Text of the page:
Can the theory of formation of the solar system explain all the observables?
This is explained by the Lewis Model. In the early Solar System, which was a cloud of gasses, the inner parts were warmer than the outer parts. In the inner region, only things like metal or rock could condense, so the inner planets (Mercury, Venus, Earth, and Mars) are composed chiefly of metal and rock. As you move out to the cooler outer regions, it gets cool enough for things like water ice, and then ammonia and methane ice to condense.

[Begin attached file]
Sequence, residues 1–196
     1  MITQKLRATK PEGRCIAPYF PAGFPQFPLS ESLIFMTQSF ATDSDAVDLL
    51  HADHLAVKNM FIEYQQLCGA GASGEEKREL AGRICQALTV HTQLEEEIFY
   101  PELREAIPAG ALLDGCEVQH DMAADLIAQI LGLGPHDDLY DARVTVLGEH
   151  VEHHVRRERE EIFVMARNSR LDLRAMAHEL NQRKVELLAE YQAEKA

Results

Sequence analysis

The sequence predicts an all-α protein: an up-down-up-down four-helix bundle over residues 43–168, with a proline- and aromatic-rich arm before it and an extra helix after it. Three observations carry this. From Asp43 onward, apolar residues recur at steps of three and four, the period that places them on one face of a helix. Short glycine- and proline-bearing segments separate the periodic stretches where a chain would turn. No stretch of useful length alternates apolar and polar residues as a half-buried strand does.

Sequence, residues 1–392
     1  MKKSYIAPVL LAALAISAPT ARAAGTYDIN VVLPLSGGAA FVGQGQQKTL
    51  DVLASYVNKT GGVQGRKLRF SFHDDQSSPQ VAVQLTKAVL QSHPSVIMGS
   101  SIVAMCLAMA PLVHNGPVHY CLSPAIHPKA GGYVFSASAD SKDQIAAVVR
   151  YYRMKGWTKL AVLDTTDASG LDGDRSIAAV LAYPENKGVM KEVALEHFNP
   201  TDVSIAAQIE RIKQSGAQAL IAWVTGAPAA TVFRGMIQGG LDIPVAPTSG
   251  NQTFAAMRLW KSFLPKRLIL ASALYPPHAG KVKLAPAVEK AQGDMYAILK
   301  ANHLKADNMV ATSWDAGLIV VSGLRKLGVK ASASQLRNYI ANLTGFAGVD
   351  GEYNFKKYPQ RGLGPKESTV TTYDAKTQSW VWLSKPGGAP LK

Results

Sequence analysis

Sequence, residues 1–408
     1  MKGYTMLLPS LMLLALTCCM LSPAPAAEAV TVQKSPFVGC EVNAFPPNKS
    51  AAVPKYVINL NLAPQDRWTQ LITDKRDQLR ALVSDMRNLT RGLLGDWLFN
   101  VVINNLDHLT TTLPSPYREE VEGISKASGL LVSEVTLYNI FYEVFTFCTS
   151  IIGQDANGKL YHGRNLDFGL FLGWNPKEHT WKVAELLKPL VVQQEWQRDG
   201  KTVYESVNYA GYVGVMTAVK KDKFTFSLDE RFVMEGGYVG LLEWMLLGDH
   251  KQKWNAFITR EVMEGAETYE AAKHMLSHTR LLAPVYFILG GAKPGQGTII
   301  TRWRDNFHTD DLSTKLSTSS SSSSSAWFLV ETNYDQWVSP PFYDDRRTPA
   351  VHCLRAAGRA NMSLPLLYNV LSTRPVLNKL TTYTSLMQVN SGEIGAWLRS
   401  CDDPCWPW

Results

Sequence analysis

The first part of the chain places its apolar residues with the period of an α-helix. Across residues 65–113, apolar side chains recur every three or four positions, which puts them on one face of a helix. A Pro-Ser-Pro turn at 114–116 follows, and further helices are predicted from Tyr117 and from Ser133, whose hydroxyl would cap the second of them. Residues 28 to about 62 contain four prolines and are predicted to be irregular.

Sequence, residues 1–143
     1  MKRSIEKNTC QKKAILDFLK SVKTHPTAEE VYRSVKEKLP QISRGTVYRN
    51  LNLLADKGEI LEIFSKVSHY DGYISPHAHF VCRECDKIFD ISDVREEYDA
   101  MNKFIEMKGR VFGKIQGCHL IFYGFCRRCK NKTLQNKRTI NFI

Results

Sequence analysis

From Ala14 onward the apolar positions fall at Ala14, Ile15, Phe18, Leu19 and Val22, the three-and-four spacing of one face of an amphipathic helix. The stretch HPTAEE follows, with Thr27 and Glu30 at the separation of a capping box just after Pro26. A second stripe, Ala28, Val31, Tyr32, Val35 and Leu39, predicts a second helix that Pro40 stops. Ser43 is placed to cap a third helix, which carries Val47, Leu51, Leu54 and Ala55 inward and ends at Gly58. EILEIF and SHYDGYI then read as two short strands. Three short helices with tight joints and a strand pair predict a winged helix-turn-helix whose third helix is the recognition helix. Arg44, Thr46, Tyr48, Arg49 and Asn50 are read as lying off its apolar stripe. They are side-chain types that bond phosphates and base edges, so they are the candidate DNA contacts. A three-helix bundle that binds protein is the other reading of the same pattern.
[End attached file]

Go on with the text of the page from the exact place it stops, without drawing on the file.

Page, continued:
The reason why the outer layers of the gas giants (Jupiter, Saturn, Uranus, and Neptune) are composed of lighter elements is that these planets grew larger than the Earth, quickly. There are two reasons why. One is that, in the outer regions, it was cool enough for a larger range of materials to condense -- not only rock and metal, but also things that condense at cooler temperatures such as water ice and ammonia ice, so there was more "raw materials" for the planets to be made of. The other reason is that ice sticks together better than rocks and metals, so when the ice that had condensed in small pieces ran into other pieces of ice, it tended to make bigger pieces, rather than bounce off or fragment as pieces of rock do. The outer planets originated as big planets made of ice and rock. The were massive enough that their gravity allowed them to accummulate hydrogen and helium, which the inner planets did not have enough mass to hold on to, and grow to their current titanic proportions.
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